The Clay County Health Department and Prestera Mental Health Services are working to bring local citizens together to raise awareness of the heroin and prescription painkiller crisis in our neighborhoods and create a safer, healthier, drug-free community.
Heroin and prescription painkillers are part of an incredibly addictive class of drugs called “opioids.” Many people who abuse prescription pain medications have found these drugs increasingly expensive and harder to obtain following legislation and increased regulations. As a result, heroin (part of the same drug family) has made a rapid comeback in recent years. According to the U.S. Department of Health and Human Services, 80 percent of people who use heroin had previously abused prescription painkillers, and the number of reported heroin users has grown from 373,000 to 669,000 between 2007 and 2012, and even more since then. The Centers for Disease Control and Prevention has described the problem as a “growing, deadly epidemic.”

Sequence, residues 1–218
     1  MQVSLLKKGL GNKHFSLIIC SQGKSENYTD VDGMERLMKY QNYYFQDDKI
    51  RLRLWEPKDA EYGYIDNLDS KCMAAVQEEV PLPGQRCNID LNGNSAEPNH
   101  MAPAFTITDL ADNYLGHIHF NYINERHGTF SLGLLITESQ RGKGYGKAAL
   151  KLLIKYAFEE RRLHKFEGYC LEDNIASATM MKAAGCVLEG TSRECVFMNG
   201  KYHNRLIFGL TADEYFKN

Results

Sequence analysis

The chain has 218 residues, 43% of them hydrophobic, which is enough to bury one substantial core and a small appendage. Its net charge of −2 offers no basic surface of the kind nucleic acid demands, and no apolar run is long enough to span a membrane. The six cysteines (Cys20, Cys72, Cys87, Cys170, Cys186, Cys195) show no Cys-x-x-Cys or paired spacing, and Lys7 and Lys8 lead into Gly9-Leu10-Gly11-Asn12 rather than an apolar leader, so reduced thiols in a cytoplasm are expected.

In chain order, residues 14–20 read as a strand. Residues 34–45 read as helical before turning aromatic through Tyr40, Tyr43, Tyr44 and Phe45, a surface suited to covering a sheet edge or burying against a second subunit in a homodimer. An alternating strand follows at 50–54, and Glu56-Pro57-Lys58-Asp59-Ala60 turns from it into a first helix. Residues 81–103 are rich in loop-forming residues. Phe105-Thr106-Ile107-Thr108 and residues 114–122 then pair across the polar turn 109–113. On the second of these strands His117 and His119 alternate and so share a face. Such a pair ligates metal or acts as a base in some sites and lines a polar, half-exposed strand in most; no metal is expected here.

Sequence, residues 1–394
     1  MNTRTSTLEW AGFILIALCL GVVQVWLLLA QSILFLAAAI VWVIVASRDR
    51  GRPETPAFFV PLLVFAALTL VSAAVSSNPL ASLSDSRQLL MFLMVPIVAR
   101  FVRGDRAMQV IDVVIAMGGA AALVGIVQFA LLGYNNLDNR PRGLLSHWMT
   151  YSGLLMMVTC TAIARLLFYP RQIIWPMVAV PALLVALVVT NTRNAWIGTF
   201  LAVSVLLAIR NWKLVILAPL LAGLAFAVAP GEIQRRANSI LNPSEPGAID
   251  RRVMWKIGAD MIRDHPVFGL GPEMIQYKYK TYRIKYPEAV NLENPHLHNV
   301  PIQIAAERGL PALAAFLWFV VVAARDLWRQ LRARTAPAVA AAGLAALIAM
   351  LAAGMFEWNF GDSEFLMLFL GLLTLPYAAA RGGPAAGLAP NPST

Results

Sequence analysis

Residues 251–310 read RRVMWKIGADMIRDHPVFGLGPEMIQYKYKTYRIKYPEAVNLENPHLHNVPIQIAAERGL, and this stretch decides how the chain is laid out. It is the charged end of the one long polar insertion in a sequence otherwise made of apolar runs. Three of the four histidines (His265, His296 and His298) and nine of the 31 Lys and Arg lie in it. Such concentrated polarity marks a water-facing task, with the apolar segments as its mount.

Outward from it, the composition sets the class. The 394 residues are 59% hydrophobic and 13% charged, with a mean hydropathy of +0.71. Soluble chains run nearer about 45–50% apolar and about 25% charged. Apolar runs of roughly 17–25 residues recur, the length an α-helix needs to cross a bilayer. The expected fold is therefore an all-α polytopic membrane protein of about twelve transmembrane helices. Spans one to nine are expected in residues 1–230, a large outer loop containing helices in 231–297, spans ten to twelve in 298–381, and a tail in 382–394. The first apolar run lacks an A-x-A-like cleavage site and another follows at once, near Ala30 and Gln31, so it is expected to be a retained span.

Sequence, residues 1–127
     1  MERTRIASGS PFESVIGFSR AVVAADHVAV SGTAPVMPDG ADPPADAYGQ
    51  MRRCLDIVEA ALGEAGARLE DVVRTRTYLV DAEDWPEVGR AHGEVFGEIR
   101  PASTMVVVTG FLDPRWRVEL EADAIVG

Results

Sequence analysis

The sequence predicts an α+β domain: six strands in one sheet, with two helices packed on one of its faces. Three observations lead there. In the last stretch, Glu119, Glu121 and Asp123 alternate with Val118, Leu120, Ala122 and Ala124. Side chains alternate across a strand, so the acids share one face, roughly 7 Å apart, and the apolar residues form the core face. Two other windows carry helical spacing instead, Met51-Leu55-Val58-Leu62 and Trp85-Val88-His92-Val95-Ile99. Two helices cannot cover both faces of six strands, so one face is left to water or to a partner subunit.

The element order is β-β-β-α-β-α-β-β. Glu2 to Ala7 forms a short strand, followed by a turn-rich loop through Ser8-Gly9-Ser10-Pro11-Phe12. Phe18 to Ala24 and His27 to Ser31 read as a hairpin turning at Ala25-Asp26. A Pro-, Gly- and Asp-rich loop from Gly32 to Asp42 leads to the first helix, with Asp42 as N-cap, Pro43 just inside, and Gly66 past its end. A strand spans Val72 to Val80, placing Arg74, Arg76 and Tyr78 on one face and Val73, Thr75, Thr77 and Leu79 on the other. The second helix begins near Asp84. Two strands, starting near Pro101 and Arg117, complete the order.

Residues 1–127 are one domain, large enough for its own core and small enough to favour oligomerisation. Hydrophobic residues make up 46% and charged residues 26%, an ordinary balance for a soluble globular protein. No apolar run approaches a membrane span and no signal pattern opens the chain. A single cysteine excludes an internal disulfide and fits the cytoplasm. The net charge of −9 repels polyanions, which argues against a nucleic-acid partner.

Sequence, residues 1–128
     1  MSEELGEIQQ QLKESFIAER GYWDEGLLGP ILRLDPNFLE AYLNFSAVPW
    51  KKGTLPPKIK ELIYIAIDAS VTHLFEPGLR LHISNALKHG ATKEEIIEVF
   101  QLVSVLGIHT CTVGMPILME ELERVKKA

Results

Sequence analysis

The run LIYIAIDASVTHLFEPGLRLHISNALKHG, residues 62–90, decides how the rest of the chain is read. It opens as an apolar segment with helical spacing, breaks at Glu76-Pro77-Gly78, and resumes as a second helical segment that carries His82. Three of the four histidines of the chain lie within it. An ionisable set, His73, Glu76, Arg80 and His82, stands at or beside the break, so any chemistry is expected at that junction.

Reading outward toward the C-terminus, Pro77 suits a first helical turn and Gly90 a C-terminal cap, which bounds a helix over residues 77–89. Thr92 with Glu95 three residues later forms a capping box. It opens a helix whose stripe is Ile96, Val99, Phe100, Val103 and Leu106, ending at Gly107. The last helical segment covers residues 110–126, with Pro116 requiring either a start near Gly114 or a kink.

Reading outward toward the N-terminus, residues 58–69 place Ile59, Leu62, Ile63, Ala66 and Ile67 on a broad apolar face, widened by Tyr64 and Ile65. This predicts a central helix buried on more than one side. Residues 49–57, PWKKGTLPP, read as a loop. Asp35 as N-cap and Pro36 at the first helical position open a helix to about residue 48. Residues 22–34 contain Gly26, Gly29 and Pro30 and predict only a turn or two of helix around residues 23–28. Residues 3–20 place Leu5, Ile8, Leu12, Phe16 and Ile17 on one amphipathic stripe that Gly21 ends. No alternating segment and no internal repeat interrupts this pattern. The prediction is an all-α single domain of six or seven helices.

In addition to increased tolerance and withdrawal, use of these drugs can lead to overdose. Long-term users are also in danger of contracting HIV/AIDS or hepatitis B and C from shared needles. This increases the risk of heart and lung problems, collapsed veins and blood infections, malnutrition and poor hygiene, and risk of stillbirth or birth defects among pregnant women.
Many people begin abusing prescription painkillers following a serious injury or surgery. After developing tolerance, the pain and discomfort of withdrawal leads them to seek more of it or to transition to heroin once the pills are unavailable. Many young people begin abusing prescription painkillers under the misconception that it’s a “safe” way to get high. Some start using heroin because it seems glamorous or rebellious, or because they simply want to “check out” and avoid difficult feelings or emotions.
To address this issue effectively, communities throughout the United States need to get involved. Please consider attending the town hall meeting on May 24, 2016 at 5:30pm. The meeting should last roughly 1 ½ hours.
April Taylor, LPN
Clay County Health Department